Having read Adam Jacobs’ The Pathologies of Big Data and Stefano Mazzocchi’s Data Smoke and Mirrors I found myself asking: what is the motivation for people to publish linked data, and in turn to consume it (sounds funny you think? well, just because the data is available doesn’t necessarily mean it is useful or actually used 😉
Ok, so let’s start with a nice statement from Adam’s ACM article:
Here’s the big truth about big data in traditional databases: it’s easier to get the data in than out.
Yup, I think I agree and I guess the same is true for Linked Data. There are tons of ‘cheap’ ways to publish in RDF (for example, regarding relational databases, we’re currently try to define a standard). However, there is still a need for high quality data and high quality links between the data items in order to allow the data to be used sensibly in applications!
Right, so my hunch is that for data providers there are a couple of reasons to publish their data in an open and easily accessible way, but I guess one main reason may be that due to providing the raw data, one can simply cut costs. Rather than writing a Web application that serves humans and offering an additional Web service/API (such as flickr or delicious did) , one can expose the original data directly via Linked Data and open up the possibility for others to develop cool applications on top of it (see also our recent work in this direction).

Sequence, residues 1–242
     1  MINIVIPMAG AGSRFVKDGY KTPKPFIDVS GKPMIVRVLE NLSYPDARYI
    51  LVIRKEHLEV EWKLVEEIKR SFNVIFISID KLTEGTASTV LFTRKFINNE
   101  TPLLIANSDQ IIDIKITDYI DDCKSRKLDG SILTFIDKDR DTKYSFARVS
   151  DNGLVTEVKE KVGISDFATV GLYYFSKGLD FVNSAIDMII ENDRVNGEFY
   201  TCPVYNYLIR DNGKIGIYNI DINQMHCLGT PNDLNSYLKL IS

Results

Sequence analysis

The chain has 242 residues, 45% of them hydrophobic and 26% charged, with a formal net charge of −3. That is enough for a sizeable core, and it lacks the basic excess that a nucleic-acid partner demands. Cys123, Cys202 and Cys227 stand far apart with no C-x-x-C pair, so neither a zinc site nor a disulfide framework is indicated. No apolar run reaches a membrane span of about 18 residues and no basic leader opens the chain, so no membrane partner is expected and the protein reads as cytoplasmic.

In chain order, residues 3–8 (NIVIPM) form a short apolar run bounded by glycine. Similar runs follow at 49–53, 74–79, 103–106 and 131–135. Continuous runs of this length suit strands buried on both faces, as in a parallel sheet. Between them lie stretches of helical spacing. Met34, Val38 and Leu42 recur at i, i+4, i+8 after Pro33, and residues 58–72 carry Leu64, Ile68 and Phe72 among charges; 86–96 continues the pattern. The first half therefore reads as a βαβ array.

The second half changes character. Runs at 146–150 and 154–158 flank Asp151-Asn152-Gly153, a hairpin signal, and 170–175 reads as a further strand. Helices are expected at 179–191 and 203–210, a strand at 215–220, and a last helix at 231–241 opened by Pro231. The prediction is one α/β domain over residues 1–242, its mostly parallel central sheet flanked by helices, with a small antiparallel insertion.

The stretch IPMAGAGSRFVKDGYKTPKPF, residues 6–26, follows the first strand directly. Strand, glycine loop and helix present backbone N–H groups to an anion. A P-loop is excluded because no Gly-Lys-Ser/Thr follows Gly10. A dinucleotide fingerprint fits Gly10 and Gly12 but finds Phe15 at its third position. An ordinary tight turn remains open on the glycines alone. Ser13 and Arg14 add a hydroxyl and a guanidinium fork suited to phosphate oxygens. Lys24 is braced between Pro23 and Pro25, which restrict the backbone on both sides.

On the other hand, data consumers benefit from a single (RESTful) API with a uniform data model (RDF, in case it isn’t that obvious ;), which in turn enables simplified development of applications and allows the reuse of data (just like the BBC doesn’t have to maintain the artist and song data themselves anymore, but reuses MusicBrainz data).
Let me know – what is your incentive to publish/consume Linked Data?